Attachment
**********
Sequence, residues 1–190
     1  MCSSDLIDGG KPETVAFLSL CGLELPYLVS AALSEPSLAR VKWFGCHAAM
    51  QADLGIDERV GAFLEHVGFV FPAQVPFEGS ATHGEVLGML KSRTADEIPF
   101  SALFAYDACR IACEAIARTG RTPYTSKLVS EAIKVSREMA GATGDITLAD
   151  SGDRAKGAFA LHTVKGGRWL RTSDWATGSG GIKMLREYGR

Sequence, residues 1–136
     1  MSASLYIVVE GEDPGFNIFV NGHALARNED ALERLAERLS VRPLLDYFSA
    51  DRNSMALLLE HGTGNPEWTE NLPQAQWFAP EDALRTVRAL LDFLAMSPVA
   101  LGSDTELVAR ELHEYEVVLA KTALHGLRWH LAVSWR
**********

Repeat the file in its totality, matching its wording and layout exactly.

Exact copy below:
Sequence, residues 1–190
     1  MCSSDLIDGG KPETVAFLSL CGLELPYLVS AALSEPSLAR VKWFGCHAAM
    51  QADLGIDERV GAFLEHVGFV FPAQVPFEGS ATHGEVLGML KSRTADEIPF
   101  SALFAYDACR IACEAIARTG RTPYTSKLVS EAIKVSREMA GATGDITLAD
   151  SGDRAKGAFA LHTVKGGRWL RTSDWATGSG GIKMLREYGR

Sequence, residues 1–136
     1  MSASLYIVVE GEDPGFNIFV NGHALARNED ALERLAERLS VRPLLDYFSA
    51  DRNSMALLLE HGTGNPEWTE NLPQAQWFAP EDALRTVRAL LDFLAMSPVA
   101  LGSDTELVAR ELHEYEVVLA KTALHGLRWH LAVSWR